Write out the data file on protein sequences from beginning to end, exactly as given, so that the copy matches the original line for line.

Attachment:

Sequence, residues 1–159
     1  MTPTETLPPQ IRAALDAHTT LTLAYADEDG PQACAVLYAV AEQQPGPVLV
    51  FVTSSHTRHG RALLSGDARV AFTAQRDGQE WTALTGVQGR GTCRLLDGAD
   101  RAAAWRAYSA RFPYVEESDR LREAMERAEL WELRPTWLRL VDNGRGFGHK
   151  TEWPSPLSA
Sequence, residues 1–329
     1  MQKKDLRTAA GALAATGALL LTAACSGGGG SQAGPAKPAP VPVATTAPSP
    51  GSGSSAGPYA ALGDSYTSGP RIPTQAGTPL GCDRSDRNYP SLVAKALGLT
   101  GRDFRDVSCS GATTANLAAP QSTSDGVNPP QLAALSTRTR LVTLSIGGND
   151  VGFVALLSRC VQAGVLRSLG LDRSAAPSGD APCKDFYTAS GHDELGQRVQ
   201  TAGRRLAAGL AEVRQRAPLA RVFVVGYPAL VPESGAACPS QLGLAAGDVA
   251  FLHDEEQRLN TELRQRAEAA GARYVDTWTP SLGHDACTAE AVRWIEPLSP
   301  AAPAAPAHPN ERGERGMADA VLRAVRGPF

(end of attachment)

Sequence, residues 1–159
     1  MTPTETLPPQ IRAALDAHTT LTLAYADEDG PQACAVLYAV AEQQPGPVLV
    51  FVTSSHTRHG RALLSGDARV AFTAQRDGQE WTALTGVQGR GTCRLLDGAD
   101  RAAAWRAYSA RFPYVEESDR LREAMERAEL WELRPTWLRL VDNGRGFGHK
   151  TEWPSPLSA
Sequence, residues 1–329
     1  MQKKDLRTAA GALAATGALL LTAACSGGGG SQAGPAKPAP VPVATTAPSP
    51  GSGSSAGPYA ALGDSYTSGP RIPTQAGTPL GCDRSDRNYP SLVAKALGLT
   101  GRDFRDVSCS GATTANLAAP QSTSDGVNPP QLAALSTRTR LVTLSIGGND
   151  VGFVALLSRC VQAGVLRSLG LDRSAAPSGD APCKDFYTAS GHDELGQRVQ
   201  TAGRRLAAGL AEVRQRAPLA RVFVVGYPAL VPESGAACPS QLGLAAGDVA
   251  FLHDEEQRLN TELRQRAEAA GARYVDTWTP SLGHDACTAE AVRWIEPLSP
   301  AAPAAPAHPN ERGERGMADA VLRAVRGPF